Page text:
A Year in the Life: Ambient Math Wins the Race to the Top!
For one year, 365 days, this blog will address the Common Core Standards from the perspective of creating an alternate, ambient learning environment for math. Ambient is defined as “existing or present on all sides, an all-encompassing atmosphere.” And ambient music is defined as: “Quiet and relaxing with melodies that repeat many times.
Why ambient? A math teaching style that’s whole and all encompassing, with themes that repeat many times through the years, is most likely to be effective and successful. Today’s post will continue reviewing the Common Core ELA standards, which are listed in blue and are followed by their ambient counterparts.
English Language Arts Standards > Speaking & Listening > Grade 2
Presentation of Knowledge and Ideas:
Tell a story or recount an experience with appropriate facts and relevant, descriptive details, speaking audibly in coherent sentences.
Storytelling is a daily occurrence in the Waldorf environment, by teacher/parents and students alike. In order for children to recount relevant descriptive details, they need to build a storehouse of ability to do just this. A recurrent, troubling aspect of the Common Core is that it consistently asks too much too soon, especially in the younger grades before the age of reason at 11 or 12. Until then they are learning how to relate, with the tools provided by the adults who teach them. Children learn to speak beautifully and clearly primarily through adult example. If the stories are told and lessons are given in a clear and flowing way, this is what teaches the child to speak beautifully and correctly. Retelling the story in great detail and saying poetry, tongue twisters, limericks, and clapping verses by heart will be more than enough to engender audible, coherent speech. Just not spontaneous, original speech, not yet. This is still forming, as the butterfly forms in the cocoon. Rush it at your and your child(ren)’s peril.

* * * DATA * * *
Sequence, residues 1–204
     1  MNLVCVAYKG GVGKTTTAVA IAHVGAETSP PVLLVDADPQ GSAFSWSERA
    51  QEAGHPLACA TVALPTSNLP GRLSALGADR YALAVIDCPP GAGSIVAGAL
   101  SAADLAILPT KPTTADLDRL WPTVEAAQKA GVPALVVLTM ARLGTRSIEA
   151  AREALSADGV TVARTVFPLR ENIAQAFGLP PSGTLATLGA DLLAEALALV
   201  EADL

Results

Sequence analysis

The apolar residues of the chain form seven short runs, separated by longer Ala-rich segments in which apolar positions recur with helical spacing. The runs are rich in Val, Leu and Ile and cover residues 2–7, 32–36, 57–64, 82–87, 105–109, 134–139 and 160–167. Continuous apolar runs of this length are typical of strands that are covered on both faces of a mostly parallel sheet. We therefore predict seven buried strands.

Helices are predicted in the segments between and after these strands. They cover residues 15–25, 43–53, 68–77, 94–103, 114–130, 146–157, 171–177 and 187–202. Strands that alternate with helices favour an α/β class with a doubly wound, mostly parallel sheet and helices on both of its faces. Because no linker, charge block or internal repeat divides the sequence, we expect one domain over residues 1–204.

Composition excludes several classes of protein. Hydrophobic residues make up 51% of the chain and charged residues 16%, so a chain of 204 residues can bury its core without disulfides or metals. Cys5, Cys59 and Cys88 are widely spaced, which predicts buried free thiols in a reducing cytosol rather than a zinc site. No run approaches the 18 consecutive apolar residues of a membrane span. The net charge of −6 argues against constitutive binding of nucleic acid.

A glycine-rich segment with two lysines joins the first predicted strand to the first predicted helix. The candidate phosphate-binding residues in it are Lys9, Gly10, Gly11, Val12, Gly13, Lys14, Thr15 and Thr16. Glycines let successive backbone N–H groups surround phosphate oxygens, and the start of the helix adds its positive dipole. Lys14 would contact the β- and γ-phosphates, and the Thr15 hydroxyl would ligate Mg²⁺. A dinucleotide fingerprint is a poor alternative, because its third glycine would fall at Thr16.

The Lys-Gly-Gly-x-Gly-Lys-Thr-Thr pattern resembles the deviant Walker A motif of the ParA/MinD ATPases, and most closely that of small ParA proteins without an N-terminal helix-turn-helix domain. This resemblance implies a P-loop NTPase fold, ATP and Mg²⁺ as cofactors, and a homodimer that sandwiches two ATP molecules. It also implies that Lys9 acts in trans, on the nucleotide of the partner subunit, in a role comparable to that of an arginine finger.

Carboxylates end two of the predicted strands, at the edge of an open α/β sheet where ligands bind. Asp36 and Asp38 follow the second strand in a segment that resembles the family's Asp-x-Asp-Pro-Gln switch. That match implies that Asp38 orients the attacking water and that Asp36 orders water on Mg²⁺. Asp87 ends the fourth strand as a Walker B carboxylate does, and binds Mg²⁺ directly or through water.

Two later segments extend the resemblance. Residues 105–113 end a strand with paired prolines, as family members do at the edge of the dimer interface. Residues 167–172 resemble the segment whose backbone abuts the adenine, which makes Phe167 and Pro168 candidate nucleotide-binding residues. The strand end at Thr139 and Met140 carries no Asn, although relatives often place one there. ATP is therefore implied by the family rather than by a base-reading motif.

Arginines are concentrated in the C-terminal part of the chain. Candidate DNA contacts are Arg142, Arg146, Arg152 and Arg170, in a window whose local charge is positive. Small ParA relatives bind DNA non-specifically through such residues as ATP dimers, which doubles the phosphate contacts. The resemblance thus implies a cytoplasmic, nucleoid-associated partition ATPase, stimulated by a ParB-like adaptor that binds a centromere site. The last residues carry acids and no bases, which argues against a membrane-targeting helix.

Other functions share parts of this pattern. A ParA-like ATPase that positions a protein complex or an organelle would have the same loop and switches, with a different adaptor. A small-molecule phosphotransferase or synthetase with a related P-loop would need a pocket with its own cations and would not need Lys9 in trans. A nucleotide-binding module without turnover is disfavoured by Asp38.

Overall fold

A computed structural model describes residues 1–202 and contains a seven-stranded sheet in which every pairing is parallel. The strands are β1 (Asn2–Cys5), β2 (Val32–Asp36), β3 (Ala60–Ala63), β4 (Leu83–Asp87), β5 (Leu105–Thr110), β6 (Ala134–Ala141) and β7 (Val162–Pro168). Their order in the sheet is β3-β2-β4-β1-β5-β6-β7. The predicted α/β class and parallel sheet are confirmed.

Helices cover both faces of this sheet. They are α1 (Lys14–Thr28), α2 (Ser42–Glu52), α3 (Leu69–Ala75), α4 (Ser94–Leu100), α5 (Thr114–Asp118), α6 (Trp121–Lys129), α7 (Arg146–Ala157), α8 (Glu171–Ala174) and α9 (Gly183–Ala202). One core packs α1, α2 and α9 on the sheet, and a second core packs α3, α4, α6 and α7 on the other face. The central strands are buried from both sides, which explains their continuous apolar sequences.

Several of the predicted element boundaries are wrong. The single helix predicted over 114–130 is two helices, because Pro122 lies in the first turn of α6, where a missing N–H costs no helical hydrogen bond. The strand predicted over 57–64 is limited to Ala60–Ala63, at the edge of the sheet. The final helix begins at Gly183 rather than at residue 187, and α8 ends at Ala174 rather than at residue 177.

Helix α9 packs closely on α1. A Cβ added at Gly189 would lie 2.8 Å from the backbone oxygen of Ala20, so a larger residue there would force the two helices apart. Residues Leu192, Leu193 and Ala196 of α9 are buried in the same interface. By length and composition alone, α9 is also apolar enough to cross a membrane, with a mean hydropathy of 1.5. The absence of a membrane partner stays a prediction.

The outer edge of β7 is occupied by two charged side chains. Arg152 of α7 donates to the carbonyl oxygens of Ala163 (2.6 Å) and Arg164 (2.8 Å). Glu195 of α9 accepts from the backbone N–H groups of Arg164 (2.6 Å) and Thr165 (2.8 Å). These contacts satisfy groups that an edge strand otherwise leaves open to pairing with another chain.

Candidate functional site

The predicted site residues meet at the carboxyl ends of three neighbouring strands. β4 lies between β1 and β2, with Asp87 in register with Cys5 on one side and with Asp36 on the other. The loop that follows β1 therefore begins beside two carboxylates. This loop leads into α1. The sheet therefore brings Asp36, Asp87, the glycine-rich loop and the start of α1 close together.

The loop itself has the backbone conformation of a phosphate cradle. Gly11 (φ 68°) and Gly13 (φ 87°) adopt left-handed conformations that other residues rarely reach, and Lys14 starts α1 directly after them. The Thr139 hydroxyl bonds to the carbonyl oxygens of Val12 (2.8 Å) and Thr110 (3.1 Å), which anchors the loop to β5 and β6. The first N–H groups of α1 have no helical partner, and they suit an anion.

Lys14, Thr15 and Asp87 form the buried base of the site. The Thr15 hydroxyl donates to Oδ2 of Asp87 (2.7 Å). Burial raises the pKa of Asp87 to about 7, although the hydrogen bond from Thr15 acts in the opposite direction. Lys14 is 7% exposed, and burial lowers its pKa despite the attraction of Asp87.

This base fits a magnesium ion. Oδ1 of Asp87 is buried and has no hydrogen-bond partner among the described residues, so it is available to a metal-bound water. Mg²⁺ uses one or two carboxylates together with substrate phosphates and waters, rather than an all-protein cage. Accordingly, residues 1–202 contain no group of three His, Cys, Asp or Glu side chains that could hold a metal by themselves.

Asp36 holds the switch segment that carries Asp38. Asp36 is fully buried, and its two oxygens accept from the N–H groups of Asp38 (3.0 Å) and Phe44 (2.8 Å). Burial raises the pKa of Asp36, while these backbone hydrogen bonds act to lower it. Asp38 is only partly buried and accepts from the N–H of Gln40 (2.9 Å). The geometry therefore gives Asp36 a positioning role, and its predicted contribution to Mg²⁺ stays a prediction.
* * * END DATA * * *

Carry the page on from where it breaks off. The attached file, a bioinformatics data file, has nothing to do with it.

Create audio recording of stories or poems; add drawings or other visual displays to stories or recounts of experiences when appropriate to clarify ideas, thoughts, and feelings.
Audio recordings, no matter how technically perfect, are not the best fare for the young child. There is an inherent distancing quality that robs the developing being of its most crucial necessity, human contact. Your voice (ideally telling the story rather than reading it) enlivens the story, rhyme, or song with a nurturing human touch, more essential for healthy growth and development than just about anything else you can give. Now, drawings! Yes, those happen in abundance, every day, all day. The young child learns though the arts, which act as a beautiful intermediary between the child and any abstract concepts that are taught. It allows a translation so to speak, of the lesson into the language of childhood. Time enough for abstract learning later. Even then, beauty remains as a lifelong friend in a world that is increasingly dry and bereft of esthetic sustenance.
Produce complete sentences when appropriate to task and situation in order to provide requested detail or clarification.
That word: produce. It’s downright chilling when applied to children under 12 (or over 12, or adults for that matter). It implies a factory-model, production-oriented way of life, which is outmoded now, for reasons of survival: us and the planet. At any rate, complete sentences are routinely produced as the story is retold in faithful detail, and the literary, grammatical structure is effectively learned the way language was learned, by immersion and osmosis. Detail and clarification should not be asked of 8 year olds. They are still thinking in holistic terms, and are not yet able to dissect thoughts in this abstract way.
Knowledge ensues in an environment dedicated to imaginative, creative knowing, where student and teacher alike surrender to the ensuing of knowledge as a worthy goal. Tune in tomorrow to continue with the Common Core ELA standards and their ambient counterparts.